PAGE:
“He closed the blinds and the door. Then he barricades himself in the home; that is an admission of guilt,” McGee explained. “He didn’t come out when he saw the police car with its lights on, he didn’t use his cell phone to surrender.”

MacKenize did this out of rage because, from his own admission, he wanted to show his mom how broken his life was, McGee outlined. 

“Drugs didn’t do this, MacKenzie Brisson’s rage did this,” McGee protested.  

“He hasn’t been held accountable. He has been welcomed back in his mother’s home. His mom had to send him back to rehab and he still has firearms in his home,” McGee reminded the jurors during his closing remarks. 

Since November 2017, MacKenzie has been in rehabilitation twice as well as received other mental health services according to earlier testimony and is currently taking two different prescriptions for his mental health. 

After both sides rested the judge gave the jury their instructions. The jury had an option to find MacKenzie guilty or not guilty of the three felony counts. The judge also explained to the jury they could find the defendant guilty or not guilty of an A1 misdemeanor, assault with a deadly weapon charge.

The jury deliberated for most of the day on Friday after the closing arguments were given. The jury members paused to ask for a review of the evidence and instructions. 

After lunch and an afternoon break the jurors continued to deliberate. The jury came out of deliberation close to 5 p.m. on Friday afternoon. 

Judge Stone read from a note given by the jury. “We the jury in the case of the State against MacKenzie Brisson are unable to come to an unanimous decision regarding both charges. Deadlock,”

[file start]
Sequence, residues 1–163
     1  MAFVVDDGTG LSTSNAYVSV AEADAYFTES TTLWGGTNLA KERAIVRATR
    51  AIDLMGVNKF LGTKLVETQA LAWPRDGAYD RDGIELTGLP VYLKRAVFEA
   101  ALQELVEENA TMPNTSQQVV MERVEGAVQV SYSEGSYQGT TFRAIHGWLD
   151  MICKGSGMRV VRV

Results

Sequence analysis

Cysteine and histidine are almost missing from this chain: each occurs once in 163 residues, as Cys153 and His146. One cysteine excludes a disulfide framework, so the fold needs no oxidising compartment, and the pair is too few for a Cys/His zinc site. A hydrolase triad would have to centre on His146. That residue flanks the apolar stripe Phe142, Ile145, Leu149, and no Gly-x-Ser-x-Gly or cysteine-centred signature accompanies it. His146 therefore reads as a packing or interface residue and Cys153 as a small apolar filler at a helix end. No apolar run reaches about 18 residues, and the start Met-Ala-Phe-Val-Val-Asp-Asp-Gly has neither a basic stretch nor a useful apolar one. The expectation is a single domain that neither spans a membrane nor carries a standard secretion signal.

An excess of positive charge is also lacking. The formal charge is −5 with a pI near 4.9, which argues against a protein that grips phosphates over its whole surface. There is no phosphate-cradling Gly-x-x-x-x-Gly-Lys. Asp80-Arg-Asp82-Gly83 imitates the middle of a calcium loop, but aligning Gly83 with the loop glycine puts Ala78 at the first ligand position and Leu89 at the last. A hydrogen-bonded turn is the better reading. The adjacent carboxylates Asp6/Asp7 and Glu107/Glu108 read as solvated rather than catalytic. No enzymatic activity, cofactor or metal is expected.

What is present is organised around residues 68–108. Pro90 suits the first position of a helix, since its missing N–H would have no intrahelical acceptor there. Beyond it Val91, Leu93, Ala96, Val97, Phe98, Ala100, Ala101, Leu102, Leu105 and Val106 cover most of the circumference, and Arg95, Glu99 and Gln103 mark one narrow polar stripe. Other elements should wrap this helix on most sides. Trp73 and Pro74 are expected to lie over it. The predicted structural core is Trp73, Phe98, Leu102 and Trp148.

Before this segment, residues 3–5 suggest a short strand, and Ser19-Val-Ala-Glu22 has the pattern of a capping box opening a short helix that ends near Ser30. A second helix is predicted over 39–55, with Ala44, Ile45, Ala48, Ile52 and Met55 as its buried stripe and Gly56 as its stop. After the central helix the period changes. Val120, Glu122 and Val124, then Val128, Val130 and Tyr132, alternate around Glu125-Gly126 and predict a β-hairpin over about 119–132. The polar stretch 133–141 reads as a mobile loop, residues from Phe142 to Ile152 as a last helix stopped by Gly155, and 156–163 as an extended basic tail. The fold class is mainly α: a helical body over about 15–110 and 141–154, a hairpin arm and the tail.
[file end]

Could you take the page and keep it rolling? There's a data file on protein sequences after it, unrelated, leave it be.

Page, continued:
The A1 misdemeanor has a maximum of 150 days in jail. The Class F felony crimes have a sentence of 10 to 41 months of jail time. 

Attorney Pope asked for a mistrial. Judge Stone gave the jury more instructions and sent them back to the jury room for more deliberations. 

The jury came back about 10 minutes after 5 p.m. and agreed, there was no reasonable possibility the jury could come to a unanimous decision about the case. 

The Judge declared the case a mistrial and moved the case to the September docket for case management. Case management will be held on September 9th and 10th. 

Attorney McGee polled the jury. He said they were split. Some of the members of the jury wanted to find MacKenzie guilty of the felony charges and others wanted to convict him of the misdemeanor charge and dismiss the felony charges.

The decision to either retry the case or offer a plea will be discussed in September during case management according to Attorney McGee. 

Related article:

Update: Bladen County Sheriff gives update on shooter in Dublin

Opinion: 6 examples of how a local desperado’s trial exemplifies changes needed to end shootings